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Australian Climate Commission states the obvious: fossil fuels must remain in the ground

Surface temperature trends in Australia (from Climate Commission report)

This week, the Australian Climate Commission released their update on the report The Critical Decade, where they point out what should be obvious to most people by now – the climate is already changing, we can see the consequences around us and we should be making energy choices that reflect the need to stop burning carbon.

Climate Commissioners Professors Lesley Hughes and Will Steffen lay out the 2013 update on how we’re doing for this critical decade in which we need to get ourselves into gear if we’re going to preserve a liveable climate. Unsurprisingly, so far we’re all globally failing to do anything remotely substantial to cut carbon emissions because they’re still increasing each year.

The report starts off with some refreshing real talk, stating ‘it is clear that global society must virtually decarbonise in the next 30-35 years. This means that most of the fossil fuel reserves must say in the ground.’ Yes, in the ground as in unburned despite the financial carbon bubble that has been created by fossil fuel companies basing their stock market value on the promise of digging up all that carbon and frying us all in the name of short term profits.


Size of the carbon bubble (Unburnable Carbon report, Carbon Tracker Initiative)

The Commissioners also point out that we need to be taking future climate effects into account when making long term infrastructure decisions, because ‘the decisions we make from now until 2020 will largely determine the severity of climate change our children and grandchildren experience.’

Here’s a fun quiz for you: what’s more dangerous in Australia – crocodiles or heatwaves? If you said death by heatwave, you’re correct! I was even surprised to learn that heatwaves cause more deaths in Australia than any other natural hazard, and given that the high emissions scenario in the report projects that there could be 227/365 days a year above 35oC in Darwin by 2070, it could even get too hot for the poor crocodiles to bother eating you.


Climate Change: too hot for the crocs? (image: Thai Jasmine, flickr/creative commons)

The report also states the other point that should be obvious to everyone following the issue of climate change by now – that the balance between mitigation and adaptation (what we do now to prevent climate change and what we force future generations to pay for through our failure to act) is a judgement call that is based on what you define as ‘dangerous climate change’.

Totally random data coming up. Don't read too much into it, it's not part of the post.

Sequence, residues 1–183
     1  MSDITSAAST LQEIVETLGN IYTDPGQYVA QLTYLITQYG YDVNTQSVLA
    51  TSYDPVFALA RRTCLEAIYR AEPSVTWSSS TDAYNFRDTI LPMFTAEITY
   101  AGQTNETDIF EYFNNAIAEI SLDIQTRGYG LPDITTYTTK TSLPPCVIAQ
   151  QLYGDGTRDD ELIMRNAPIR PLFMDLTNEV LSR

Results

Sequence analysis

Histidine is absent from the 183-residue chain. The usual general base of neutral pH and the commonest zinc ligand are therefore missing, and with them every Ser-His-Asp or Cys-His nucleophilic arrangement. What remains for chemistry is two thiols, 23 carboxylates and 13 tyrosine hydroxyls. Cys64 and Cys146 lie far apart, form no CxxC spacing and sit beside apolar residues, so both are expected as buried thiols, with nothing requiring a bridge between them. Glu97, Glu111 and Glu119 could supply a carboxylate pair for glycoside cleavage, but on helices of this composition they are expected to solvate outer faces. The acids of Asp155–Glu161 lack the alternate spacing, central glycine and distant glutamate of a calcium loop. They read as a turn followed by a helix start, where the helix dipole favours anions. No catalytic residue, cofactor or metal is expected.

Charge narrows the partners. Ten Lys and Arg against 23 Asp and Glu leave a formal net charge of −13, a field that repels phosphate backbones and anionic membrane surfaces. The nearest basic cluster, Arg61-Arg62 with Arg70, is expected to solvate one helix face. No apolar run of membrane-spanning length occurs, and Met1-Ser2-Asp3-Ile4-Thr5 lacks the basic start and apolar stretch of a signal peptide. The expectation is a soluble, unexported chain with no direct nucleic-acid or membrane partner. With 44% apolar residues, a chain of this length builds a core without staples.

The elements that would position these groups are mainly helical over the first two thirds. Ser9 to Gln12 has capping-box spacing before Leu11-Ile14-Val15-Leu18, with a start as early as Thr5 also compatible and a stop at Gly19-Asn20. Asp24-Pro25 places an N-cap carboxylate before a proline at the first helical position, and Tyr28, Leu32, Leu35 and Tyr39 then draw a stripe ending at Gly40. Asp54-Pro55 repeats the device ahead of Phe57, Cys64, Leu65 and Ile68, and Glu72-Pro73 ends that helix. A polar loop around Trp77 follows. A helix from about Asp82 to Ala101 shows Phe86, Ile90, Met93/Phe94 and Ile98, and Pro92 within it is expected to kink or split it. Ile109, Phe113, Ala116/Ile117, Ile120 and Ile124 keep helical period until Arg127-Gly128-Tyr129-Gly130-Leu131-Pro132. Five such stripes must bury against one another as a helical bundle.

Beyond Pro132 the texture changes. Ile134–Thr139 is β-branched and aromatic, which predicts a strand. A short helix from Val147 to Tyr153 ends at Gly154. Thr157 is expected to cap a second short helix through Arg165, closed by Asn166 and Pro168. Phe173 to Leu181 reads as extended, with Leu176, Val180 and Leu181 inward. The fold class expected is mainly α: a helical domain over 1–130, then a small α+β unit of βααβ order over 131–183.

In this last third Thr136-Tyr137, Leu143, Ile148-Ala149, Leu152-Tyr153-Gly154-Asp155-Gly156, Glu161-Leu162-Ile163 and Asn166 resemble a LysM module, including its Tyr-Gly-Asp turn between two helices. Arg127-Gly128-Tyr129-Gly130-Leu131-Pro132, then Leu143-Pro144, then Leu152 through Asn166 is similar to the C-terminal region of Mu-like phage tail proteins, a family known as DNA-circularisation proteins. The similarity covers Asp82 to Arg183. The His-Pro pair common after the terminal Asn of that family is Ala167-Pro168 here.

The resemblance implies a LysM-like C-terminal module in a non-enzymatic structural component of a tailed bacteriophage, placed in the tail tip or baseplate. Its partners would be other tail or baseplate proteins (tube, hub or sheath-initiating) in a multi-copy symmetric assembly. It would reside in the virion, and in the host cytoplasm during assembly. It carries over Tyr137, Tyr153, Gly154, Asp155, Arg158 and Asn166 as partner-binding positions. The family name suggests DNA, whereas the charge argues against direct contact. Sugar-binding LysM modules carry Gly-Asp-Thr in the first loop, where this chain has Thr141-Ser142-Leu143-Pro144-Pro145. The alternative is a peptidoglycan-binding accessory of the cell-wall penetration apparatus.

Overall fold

This is no longer a scientific problem for us – if it was just looking at the science and acting on it, there would have been action taken on climate change in the late 1980s after Dr. James Hansen first presented the evidence that humans were changing the chemical composition of the atmosphere to the US Senate.

The Commissioners look at where we’re at in terms of the atmosphere’s carbon budget if we are going to aim for the 2oC ceiling that most countries around the world have agreed we should all try and stay below. Similar to Bill McKibben’s global warming math, the report maps out the carbon budget we have left. For a 75% chance of staying below 2oC, humanity can only burn 1,000 billion tonnes (or Gigatonnes) of CO2 between 2000 and 2050. Thirteen years into that 50 year budget and we’ve already blown 391 billion tonnes, or almost 40%. Budgeting and living within our means fail, humanity.

This gives us 600 billion tonnes remaining that we need to spread out over the next 35 years, at which point our global economy needs to have decarbonised. So naturally, we’re starting to phase in alternatives to reduce our reliance on fossil fuels as well as making it clear that no new fossil fuel resource development can take place, because there’s no point in searching for more fossil fuels if we can’t afford to burn them, right?


Overspent our budget already (image: Climate Commission © 2013)

No – we’re just burning them even faster like they’re going out of fashion. Emissions rose globally by 2.6% between 2011-2012, and are increasing at a rate of around 3% per year. Which means we’ll burn through our carbon budget by 2028, at which point we either go cold turkey on fossil fuels (yeah, right) or just keep merrily sailing down the path of causing our own extinction.

Even the most optimistic scenarios that the Commissioners could run the numbers for; where things like carbon capture and storage are more than just an oil executive’s pipedream, we can still only afford to burn about 35% of the world’s known fossil fuel reserves.

As they state in the conclusion; ‘the carbon budget is clear and compelling. Critically, most of the known fossil fuel reserves must remain in the ground’.  Which means we have a choice. To put a price on carbon and make it too expensive to continue burning, or to become the dumbest intelligent species yet to have knowingly caused our own extinction through wilful blindness. You choose. 

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